Bargains in medication?
How many pharmacies in your street? I
can count five over 500 meters. This must mean we are all very sick and
needing constant medication - or, like beauty salons and massage parlors,
the collective imagination is lacking somewhat.
But back to the pharmacies, with so many of them, the only way they can
compete with each other is on price. A box of Enalapril looks the same as
any other box of Enalapril. So where do they get cheaper drugs in the first
The big money spinners are the drugs which can keep you in a state of
perpetual priapism, a continuing (and painful) male erection and the term
was coined after the Greek god Priapus who is shown in paintings to have a
central member like a third leg.
Cheap pills for Erectile Dysfunction (ED) that seem too good to be true, are
usually just that - too good to be true! The chances are very high that they
One of the patients showed me a box purporting to be genuine brand name
Cialis tablets, which were not having the desired effect. I was immediately
suspicious as the box was not all that well printed. I was quite sure they
were counterfeit when I read the Patient Information slip. The English
grammar was incorrect, and there were spelling mistakes. Eli Lilly, the
‘real’ manufacturer does not send out mis-spelled literature with their
Eli Lilly’s website on Cialis confirms that there is fake Cialis in the
marketplace. The website suggests you ask yourself these questions; any
“yes” answers could mean that the Cialis being sold may be fake:
Is the price so much lower than the price at the hospital pharmacy that it
seems too good to be true?
Does the pharmacy offer “soft tab” or “fast dissolve” Cialis? (Cialis only
comes in tablets. There is no such thing as “soft tab” or “fast dissolve”
Does your local pharmacy offer “generic Cialis” or a drug with a name that
is similar to Cialis? (Such products have not have been evaluated by the FDA
for safety and effectiveness - they could be harmful.)
The World Health Organization puts the annual amount of counterfeit drugs
sales at something like $35-40 billion per year. No wonder I (and you) get
so many offers of drugs through the internet. That’s a very large pie.
The World Health Organization also estimates that one in three drugs on the
worldwide market today is counterfeit. Sometimes the fake drugs contain
toxic substances from which you can die.
Pfizer’s laboratories analyze the fakes and a representative stated, “We’ve
seen boric acid, we’ve seen heavy metals, we’ve seen road paint, we’ve also
seen floor wax to coat the pills and give them a shine. Obviously, they are
detrimental to anyone’s health.”
It is not just Eli Lilly that is targeted. Pharmaceutical giant Pfizer (yes
chaps, the makers of the blue diamonds of happiness) estimates its annual
losses to counterfeit drug sales at $2 billion.
However, this is actually a serious situation. If specific drugs are only
available through pharmacies, on the prescription of a doctor, is it safe to
just buy over the counter (or the internet), without any doctor’s advice?
The American Food and Drug Administration (FDA) says, “Patients who buy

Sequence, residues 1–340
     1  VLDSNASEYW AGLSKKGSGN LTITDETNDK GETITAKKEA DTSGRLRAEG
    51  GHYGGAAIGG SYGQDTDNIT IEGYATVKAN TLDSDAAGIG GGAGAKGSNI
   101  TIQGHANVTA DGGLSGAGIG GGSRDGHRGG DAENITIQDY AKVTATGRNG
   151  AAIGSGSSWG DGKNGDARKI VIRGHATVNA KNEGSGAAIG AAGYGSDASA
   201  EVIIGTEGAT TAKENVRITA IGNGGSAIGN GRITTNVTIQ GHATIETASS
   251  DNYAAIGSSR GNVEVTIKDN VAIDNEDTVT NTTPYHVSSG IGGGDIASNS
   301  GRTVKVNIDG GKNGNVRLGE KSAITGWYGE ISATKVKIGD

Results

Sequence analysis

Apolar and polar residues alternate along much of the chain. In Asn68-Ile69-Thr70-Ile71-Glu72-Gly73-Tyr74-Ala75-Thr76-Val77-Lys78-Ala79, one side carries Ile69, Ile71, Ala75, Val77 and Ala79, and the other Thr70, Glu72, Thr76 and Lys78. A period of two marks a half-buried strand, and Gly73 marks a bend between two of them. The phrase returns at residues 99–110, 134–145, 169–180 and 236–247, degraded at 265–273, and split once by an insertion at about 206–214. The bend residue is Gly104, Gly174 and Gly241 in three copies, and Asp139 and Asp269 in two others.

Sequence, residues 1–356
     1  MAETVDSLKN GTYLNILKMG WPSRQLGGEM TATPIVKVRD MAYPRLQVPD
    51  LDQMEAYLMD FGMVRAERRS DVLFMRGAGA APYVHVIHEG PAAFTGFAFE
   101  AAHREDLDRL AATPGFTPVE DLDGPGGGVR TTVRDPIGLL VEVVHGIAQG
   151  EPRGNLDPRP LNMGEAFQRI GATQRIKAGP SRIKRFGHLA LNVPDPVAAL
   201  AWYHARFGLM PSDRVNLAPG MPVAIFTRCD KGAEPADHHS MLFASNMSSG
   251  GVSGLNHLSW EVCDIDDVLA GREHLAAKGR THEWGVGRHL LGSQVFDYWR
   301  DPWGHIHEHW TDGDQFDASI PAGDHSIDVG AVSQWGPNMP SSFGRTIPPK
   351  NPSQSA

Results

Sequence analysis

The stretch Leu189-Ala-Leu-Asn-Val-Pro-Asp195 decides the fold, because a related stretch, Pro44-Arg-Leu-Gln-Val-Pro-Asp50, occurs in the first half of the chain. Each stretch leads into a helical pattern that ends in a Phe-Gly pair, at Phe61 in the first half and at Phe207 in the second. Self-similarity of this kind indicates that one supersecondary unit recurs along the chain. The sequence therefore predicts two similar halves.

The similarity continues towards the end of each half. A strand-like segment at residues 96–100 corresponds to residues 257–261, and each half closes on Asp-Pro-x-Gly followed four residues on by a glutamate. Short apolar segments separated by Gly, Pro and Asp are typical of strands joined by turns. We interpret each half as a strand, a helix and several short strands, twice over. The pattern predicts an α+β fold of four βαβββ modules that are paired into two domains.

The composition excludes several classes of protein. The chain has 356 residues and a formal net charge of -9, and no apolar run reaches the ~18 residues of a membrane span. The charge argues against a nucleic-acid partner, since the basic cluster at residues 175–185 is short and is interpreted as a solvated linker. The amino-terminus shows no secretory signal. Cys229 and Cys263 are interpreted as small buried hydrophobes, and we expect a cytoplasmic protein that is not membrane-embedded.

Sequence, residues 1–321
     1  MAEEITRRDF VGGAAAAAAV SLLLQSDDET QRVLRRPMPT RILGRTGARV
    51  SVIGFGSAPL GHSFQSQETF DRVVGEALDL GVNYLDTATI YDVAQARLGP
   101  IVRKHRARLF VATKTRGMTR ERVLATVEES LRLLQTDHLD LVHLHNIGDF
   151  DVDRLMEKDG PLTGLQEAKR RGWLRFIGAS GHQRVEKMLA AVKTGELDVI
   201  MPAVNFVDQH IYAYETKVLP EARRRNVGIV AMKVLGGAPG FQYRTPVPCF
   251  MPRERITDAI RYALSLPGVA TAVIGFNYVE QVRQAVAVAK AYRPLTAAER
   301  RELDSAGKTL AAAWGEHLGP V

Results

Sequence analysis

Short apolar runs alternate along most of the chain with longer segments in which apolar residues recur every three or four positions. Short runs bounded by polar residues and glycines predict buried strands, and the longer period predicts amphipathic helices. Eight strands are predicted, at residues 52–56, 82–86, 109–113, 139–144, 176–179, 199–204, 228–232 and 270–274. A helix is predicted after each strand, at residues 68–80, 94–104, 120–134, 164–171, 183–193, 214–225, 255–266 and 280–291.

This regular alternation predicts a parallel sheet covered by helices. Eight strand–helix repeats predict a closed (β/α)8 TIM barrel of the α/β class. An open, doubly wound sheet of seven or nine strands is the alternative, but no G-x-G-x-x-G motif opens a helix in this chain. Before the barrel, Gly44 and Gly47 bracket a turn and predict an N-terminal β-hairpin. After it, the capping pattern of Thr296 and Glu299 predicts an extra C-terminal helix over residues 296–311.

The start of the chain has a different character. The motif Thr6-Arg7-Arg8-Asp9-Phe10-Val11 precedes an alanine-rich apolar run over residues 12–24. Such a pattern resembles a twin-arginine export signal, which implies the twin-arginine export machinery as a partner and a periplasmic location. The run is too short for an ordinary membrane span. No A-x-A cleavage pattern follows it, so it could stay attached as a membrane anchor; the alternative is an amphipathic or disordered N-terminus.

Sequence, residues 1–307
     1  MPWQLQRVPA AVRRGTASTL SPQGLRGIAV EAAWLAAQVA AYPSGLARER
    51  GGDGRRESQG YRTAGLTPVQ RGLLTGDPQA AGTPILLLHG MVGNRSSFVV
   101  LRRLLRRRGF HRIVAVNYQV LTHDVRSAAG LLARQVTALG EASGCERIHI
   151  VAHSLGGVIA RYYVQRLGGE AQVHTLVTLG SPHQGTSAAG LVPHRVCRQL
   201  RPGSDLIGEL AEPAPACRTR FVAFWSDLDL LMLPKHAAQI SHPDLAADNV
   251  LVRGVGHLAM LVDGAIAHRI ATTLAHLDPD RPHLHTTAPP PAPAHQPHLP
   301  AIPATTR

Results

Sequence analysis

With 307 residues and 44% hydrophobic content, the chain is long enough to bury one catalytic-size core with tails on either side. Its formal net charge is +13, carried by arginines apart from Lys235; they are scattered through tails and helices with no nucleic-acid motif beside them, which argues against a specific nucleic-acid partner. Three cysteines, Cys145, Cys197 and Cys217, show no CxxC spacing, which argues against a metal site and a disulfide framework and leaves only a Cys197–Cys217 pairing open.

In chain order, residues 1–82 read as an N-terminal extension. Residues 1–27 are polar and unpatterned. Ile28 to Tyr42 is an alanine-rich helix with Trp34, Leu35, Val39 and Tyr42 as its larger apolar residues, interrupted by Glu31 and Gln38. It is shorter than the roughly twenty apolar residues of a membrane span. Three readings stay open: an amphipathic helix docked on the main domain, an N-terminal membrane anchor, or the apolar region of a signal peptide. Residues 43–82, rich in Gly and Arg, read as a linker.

prescription drugs from websites operating outside the law are at increased
risk of suffering life-threatening adverse events, such as side effects from
inappropriately prescribed medications, dangerous drug interactions,
contaminated drugs, and impure or unknown ingredients found in unapproved
According to WHO, drugs commonly counterfeited include antibiotics,
antimalarials, hormones and steroids. Increasingly, anticancer and antiviral
drugs are also fake. And you can add to that, the ‘blue diamonds’. Never
forget the phrase “Caveat emptor” (Let the buyer beware).
If you receive a spam e-mail from someone who you don’t know, offering you
specific pharmaceuticals at a cheap price, that should be enough for you to
go no further. If your local pharmacies will offer you ‘name brand’
medication that is supposedly prescription only at a very cheap price, that
should ring alarm bells in your head too.
Get your medications on a doctor’s prescription from a pharmacy you can
trust. Or suffer the consequences.
Mammograms and BSE. Worthwhile?
The opening of our new Breast Center
the other day made me think once more about breast cancer. Screening for
breast cancer is still a subject that seems to be controversial, though
honestly, I do not know why. The sensationalist press feeds on fear, and by
instilling fear into women about detection of breast cancer will always sell
a few more papers. Despite mammograms and suchlike, there were cases that
escaped detection until it was too late and other such negative predictions.
Was it all then a waste of resources and money?
No it is not, says the American Cancer Society’s director of cancer
screening, Robert Smith, PhD, who says there is plenty of evidence that
mammograms save lives, even for younger women.
“The American Cancer Society and other organizations have endorsed
mammography screening for women in their 40s because direct and inferential
evidence supports its value in reducing morbidity (injuries) and mortality
(deaths) from breast cancer, the second leading cause of cancer death in
women,” he says.
Other groups that recommend mammograms every one or two years for women in
their 40’s include the US Preventive Services Task Force and the American
College of Obstetricians and Gynecologists.
The American College of Physicians guideline says mammograms can reduce